Population density and nesting behaviour of Indian Giant Squirrel Ratufa indica (Erxlebeln, 1777) in Bhimashankar Wildlife Sanctuary, Western Ghats of Maharashtra, India

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Ganesh Rathod
Erach Bharucha
Kranti Yardi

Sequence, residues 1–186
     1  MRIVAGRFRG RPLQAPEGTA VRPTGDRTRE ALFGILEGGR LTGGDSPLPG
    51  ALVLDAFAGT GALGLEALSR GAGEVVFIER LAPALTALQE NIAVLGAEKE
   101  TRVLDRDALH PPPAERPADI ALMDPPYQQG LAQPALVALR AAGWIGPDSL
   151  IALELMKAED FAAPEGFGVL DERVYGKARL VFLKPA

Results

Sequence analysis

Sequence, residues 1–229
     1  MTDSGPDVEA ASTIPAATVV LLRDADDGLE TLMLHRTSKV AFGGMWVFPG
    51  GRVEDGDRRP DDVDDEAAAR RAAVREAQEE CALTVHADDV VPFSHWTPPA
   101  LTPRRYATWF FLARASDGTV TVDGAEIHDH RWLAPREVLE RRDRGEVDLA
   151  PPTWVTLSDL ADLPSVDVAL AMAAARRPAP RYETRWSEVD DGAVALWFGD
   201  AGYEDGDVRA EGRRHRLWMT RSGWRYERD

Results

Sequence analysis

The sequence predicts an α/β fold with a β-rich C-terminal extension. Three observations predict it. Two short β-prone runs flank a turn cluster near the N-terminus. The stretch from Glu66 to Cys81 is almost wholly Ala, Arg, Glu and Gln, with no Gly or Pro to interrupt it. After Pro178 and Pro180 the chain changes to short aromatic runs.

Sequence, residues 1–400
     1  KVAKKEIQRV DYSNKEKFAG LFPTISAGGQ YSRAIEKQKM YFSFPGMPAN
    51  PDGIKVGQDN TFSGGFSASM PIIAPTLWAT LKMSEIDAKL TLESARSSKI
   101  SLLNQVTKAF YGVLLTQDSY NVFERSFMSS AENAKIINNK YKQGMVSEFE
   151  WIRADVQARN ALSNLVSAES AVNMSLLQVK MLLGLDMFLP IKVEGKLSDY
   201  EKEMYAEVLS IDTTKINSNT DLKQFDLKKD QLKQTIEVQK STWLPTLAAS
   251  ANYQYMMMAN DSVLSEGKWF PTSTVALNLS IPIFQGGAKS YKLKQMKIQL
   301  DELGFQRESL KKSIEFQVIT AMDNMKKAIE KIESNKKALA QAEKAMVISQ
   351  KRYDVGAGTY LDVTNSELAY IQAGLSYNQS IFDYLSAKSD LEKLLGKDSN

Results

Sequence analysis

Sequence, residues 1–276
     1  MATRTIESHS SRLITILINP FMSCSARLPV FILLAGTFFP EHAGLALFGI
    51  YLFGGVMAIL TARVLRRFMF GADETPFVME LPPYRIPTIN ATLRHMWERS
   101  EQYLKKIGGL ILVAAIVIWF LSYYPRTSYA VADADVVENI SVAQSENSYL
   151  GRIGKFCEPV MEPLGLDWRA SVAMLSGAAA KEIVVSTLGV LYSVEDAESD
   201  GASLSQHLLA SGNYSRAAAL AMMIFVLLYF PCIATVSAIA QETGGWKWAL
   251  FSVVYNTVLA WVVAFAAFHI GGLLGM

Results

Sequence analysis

The Indian Giant Squirrel Ratufa indica (Erxlebeln, 1777) has been officially designated as Maharashtra’s state animal. It is restricted to the eco-sensitive Western Ghats region and is currently classified as Least Concern species on the IUCN Red List. However, the species is dependent on intact habitat and is negatively impacted by habitat fragmentation. Population density and nesting behavior were studied in a major habitat in the tropical semi-evergreen and evergreen forest of India’s Bhimashankar Wildlife Sanctuary. Two-hundred-and-twenty-three direct sighting along 60 km line transects were used to estimate squirrel density. It averaged 13.9±0.18 squirrels/km2. Nesting characteristics were evaluated using 4,224 nests. The squirrel uses 52 different tree species for nesting, with Mangifera indica (15.57%), Olea dioica (14.65%), and Mallotus phillippensis (9.78%) being the most popular. The drays were found on trees that are taller than average, have a massive girth at the breast height, and have continuous closed canopies. To avoid predators, Indian Giant Squirrels usually flee to the nearest adjacent tree. 

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